Vol. 36, n.141-144, March-December 1994
pp. 293 - 308
The Cainozoic calcalkaline magmatism of the western Mediterranean and its geodynamic significance
L. Beccaluva, M. Coltorti, R. Galassi, G. Macciotta and F. Siena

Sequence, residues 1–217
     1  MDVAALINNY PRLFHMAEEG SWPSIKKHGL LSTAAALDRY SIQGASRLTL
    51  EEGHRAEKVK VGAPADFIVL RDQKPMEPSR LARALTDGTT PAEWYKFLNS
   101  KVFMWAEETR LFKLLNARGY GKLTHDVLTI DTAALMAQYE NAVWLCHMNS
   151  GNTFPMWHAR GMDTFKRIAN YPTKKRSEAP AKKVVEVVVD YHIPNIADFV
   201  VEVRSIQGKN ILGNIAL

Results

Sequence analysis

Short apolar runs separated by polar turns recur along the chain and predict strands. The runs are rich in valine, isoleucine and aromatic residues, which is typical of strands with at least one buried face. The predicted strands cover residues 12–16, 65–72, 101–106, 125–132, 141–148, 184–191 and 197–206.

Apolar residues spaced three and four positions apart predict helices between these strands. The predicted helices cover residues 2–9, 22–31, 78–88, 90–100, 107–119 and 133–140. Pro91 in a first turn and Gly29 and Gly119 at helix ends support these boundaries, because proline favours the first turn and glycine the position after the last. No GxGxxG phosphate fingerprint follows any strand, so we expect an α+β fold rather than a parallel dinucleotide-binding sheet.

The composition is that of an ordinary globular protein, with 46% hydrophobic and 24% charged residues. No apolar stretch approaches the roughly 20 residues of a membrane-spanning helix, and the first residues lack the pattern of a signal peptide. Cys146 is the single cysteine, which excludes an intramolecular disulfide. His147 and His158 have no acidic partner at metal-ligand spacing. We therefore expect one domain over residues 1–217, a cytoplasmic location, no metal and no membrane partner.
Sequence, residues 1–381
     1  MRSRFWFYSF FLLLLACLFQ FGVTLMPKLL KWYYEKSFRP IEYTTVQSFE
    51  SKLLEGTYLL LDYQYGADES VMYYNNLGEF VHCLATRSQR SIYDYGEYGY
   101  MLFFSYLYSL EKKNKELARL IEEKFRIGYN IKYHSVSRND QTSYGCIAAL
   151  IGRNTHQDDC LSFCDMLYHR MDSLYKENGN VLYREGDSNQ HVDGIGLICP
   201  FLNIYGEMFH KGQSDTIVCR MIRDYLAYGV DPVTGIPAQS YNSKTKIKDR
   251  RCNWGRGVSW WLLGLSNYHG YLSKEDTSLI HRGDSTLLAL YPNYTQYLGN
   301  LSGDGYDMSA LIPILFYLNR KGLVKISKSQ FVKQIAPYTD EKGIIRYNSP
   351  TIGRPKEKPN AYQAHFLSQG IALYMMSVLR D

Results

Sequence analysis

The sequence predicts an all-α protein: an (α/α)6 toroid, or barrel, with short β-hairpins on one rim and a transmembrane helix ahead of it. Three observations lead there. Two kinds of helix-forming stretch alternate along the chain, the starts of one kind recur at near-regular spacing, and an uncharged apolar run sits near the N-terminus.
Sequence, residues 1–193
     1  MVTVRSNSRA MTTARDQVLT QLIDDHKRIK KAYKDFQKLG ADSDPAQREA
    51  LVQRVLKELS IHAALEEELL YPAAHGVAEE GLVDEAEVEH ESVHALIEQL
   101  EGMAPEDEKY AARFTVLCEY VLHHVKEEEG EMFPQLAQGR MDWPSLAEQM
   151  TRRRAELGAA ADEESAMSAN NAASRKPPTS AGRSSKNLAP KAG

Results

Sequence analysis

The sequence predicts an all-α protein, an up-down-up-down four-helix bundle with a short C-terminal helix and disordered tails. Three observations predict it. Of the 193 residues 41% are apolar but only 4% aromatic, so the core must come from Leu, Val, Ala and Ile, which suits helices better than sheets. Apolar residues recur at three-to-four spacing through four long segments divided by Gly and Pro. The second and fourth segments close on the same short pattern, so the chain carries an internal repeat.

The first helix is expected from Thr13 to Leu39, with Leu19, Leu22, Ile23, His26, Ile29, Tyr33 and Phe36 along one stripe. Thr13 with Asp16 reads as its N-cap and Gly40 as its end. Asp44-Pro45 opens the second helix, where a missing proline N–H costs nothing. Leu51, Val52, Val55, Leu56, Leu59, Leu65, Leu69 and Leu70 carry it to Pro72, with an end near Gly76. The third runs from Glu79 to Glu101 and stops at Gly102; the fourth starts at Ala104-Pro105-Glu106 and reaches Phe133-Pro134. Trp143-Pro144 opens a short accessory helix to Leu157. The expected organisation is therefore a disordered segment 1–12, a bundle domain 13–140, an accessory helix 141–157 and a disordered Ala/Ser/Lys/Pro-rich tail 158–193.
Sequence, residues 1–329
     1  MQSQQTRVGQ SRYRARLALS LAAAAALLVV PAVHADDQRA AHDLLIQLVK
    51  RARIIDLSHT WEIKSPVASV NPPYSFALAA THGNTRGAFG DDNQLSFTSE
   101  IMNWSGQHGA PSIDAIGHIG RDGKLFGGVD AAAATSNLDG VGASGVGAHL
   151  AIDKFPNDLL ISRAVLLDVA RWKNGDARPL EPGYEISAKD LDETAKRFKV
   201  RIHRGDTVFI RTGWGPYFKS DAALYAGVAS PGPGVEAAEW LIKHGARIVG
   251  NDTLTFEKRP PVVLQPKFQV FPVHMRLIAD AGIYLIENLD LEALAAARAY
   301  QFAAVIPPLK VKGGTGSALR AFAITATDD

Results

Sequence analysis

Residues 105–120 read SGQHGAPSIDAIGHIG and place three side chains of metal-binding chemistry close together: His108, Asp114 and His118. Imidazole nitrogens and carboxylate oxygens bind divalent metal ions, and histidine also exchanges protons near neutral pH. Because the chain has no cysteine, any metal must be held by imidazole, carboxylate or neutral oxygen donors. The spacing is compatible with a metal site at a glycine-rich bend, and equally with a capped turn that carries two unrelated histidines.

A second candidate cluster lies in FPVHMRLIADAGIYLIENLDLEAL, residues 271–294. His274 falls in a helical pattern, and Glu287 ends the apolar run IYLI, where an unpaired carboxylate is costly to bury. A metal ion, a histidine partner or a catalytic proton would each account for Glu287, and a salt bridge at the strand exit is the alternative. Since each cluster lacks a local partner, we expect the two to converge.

Space-time distribution and petrogenetic affinity of the Cainozoic calcalkaline orogenic, magmatism from the western Mediterranean (from Provence to Campania) has been reassessed, on the basis of new petrochemical and Sr-Nd isotopic data, for a better understanding of the geodynamic evolution of the area. The calcalkaline magmatism may be subdivided in two main cycles: the older, Oligo-Miocene in age (34-20 Ma in Provence, and 32-13 Ma in Sardinia); and the younger, Pliocene-Quaternary in age (Eolian area ~ 2 Ma, Campania ca. 2 Ma, and part of the Tyrrhenian oceanic crust 4-1.6 Ma). The tholeiitic/calcalkaline serial affinity of the early magmatism both in Provence and Sardinia and its zonation in Sardinia for the period 21-18 Ma (tholeiitic/calcalkaline in the south, high-K calcalkaline/shoshonitic in the north) imply subduction of N-NW dipping oceanic lithosphere, at least from Upper Eocene to Lower Miocene. The existence at that time of subducting oceanic lithosphere, tentatively assigned to the Sicilide-Canetolo basin, is also required by the chronologically correlated oceanic opening of the Ligure-Balearic basin and anticlockwise rotation of the Sardinia-Corsica microplate. After a period of quiescence, coinciding approximately with the last main compressional phases in the northern Apennines, the second calcalkaline cycle developed during Pliocene Quaternary times along the eastern peri-Tyrrhenian margin, from the Eolian area to Campania, in relation to a rifting phase affecting the Alpine-Apennine chain, east of Sardinia. This orogenic magmatism - as well as che diachronous oceanization of the Tyrrhenian basin and the southeastward migration of the Calabrian arc - can be satisfactorily interpreted in the framework of island are - back-are basin systems where, during the early stages of back-arc, opening, are- related volcanism is absent on both the remnant are (Sardinia) and the migrating fore-are plate (Eolian-Calabrian area) above a seismically active subduction zone (Ionian oceanic: lithosphere). Geochemical and isotopic characteristics of the peri-Tyrrhenian orogenic magmas indicate that their mantle sources were hybridized by continental crust material (mainly upper crust- derived sediments) dragged down during subduction processes to a limited extent in the Eolian area (Stromboli), and more extensively further north in the Campanian and Roman provinces. This confirms the existence of a major lithospheric discontinuity (Ortona-Roccamonfina line and 41N' transform fault) separating a continental subducted slab (Adriatic) under the Central Apennines, and an old oceanic, still seismically active, subducting slab (Ionian) under the Calabrian Eolian area.
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